4. The last Support of these Courts is grants ing Licenses for Marriage without Banns, and Matrimonial Causes ; for these Matters are purely Ecclesiastical Conusance, and if Suit be commenced here for Divorce, or Alimony, no Prohibition lies, nor can fuch Causes be tried in any other Courts, except they come by Appeal into the House of Lords.

There is one thing, with if effected, would be a considerable Addition to the Business and Revenue of these Courts, that is, if Divorce for Adultery, or Cruelty, were allowed to be d Vinculo, and a second Marriage permitted to the Innocent Party. By the old and present Canon-Law, Divorce à Vinculo is never permit.


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ted, but when the Marriage was null ab initing by reason of Confanguinity, Precontracts, or Impotence. If it be for Adultery, or Cruelty, then ’tis only d Mensi

, and Thoro, and to the Parties have no other Relief from these Courts, but what they have by their own mutual Consent, which is to part and live asunder.

But it appeared in the Case of the late Duke of Norfolk and Earl of Anglesey, that it was the Opinion of many of our great Prelates, that in case of Adultery or Cruelty, the Holy Scripture allows of a Divorce d Vinculo, tho our Law does not, and I think, most Divines of Note seem to incline this way; and the Reformation, Leg. Eccl. determines for it. And there are great Authorities alledg’d for it from the ancient Fathers and Councils, and even from fome Divines of great Names in the Church of Rome itself.

This Alteration cannot be made by Convocation without a concurrent Act of Parliament, for it is not only the 107th Canon, and the whole Tenor of the old Canon-Law that forbids it, by obliging Persons, before they are divorced, to give Security, that they will not contract Matrimony with any other Person, during each other's Life; but Marriage on such Divorce is null at Common-Law. Godol. c. 26. seEZ. 12. (tho' there is one Precedent to the contrary, ibid. fe&t. 5.) and Coinmon-Law cannot be al. ter'd but by Parliament : But if this were once done, it might bring a plentiful Harvest to the Ecclefiaftical Courts,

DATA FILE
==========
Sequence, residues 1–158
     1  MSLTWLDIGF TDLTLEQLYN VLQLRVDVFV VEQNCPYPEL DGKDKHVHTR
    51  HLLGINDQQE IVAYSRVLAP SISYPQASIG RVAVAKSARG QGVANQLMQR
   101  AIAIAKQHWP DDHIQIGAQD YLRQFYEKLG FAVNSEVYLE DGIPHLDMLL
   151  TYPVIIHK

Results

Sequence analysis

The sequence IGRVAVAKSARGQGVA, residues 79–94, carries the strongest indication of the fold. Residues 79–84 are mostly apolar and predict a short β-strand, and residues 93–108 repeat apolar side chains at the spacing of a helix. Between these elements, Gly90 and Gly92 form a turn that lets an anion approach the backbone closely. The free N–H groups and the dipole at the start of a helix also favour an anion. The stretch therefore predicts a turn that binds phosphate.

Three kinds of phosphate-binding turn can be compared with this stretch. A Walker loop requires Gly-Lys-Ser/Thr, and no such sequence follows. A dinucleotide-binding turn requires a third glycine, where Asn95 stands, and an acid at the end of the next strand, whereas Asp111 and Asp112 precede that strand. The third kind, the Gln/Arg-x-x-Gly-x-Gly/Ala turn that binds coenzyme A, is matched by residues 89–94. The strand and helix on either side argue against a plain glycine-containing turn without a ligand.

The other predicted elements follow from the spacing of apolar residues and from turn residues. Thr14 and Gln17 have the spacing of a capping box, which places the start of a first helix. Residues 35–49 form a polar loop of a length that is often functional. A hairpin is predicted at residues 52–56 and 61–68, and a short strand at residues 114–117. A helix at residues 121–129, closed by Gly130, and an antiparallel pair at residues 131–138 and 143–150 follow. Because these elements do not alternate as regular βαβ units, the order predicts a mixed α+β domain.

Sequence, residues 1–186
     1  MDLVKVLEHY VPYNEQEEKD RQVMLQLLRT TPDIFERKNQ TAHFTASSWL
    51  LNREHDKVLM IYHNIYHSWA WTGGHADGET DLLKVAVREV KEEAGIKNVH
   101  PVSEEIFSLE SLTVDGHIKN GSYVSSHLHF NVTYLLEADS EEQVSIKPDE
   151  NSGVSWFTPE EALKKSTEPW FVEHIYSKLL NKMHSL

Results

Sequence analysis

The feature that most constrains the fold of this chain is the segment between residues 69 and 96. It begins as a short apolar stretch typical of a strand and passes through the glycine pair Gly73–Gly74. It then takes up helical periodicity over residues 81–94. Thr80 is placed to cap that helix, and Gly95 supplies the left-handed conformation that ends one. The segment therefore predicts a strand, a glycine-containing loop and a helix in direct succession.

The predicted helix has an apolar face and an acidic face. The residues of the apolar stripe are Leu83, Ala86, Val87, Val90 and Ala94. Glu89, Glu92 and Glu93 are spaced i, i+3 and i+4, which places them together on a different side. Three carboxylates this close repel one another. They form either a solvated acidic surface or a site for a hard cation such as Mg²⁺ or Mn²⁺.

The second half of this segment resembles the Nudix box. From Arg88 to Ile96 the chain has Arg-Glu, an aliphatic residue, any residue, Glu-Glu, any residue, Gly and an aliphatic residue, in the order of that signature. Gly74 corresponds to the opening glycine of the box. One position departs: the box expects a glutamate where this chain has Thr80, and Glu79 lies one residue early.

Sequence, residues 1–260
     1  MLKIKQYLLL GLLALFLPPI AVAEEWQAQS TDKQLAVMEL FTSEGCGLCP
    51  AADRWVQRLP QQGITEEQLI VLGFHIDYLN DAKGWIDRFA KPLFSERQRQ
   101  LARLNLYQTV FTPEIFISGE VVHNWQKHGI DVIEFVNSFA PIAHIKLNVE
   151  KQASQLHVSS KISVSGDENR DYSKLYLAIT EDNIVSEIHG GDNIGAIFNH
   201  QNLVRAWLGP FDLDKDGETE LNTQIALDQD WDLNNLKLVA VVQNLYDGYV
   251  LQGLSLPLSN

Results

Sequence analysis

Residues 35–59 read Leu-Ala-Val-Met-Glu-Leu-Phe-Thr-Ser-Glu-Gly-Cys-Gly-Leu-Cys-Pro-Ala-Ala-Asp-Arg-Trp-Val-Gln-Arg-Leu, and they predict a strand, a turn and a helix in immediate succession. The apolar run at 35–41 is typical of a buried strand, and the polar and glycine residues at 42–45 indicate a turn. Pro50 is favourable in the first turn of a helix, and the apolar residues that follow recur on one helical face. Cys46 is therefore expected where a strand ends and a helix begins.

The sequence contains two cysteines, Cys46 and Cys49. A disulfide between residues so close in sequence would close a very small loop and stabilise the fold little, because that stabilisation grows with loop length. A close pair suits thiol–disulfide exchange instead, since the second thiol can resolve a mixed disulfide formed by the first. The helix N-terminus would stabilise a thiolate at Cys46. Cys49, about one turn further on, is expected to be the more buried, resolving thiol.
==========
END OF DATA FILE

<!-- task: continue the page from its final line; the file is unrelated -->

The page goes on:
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Some Advertisements not easily reduced

to the former Heads.

Of Publishing Things in the Church. THere Here are great Innovations, especially in

some Country Churches, in publishing, or giving notice of the most frivolous, unbefitting, and fometimes ridiculous Things in the face of the Congregation.

As the Minister is to publish nothing himself, but what comes from the King or Ordinary, or is prescribed by the Liturgy?(not Orders from any Justices of Peace, Commissioners,& he ought, Io far as in him lies, to take care, that no one else publish any thing during Divine Service. 'Tis true, by Statute 6, 7 W.III

. Clergymen were obliged immediately after Morning-Prayer, to read, or cause to be read, the Rates, or Assessments for Birtb, Burials, and Marriages, under 5 1. Penalty; but the Parliament, 9, 10, of the same Prince, seeins to have been sensible of the Unreasonableness and Indecency of having things of this nature read amidst Divine Offices, and blending Temporal Matters with Sacred, and so Repealed this Clause of the A&; and it is to be hoped, that this Injunction will never be drawn into Precedent by future Parliaments.

And yet the Surveyor of the Highways is to publish' his Presentments in Church, after Ser. mnon. 3, 4 W. and M. c. 12.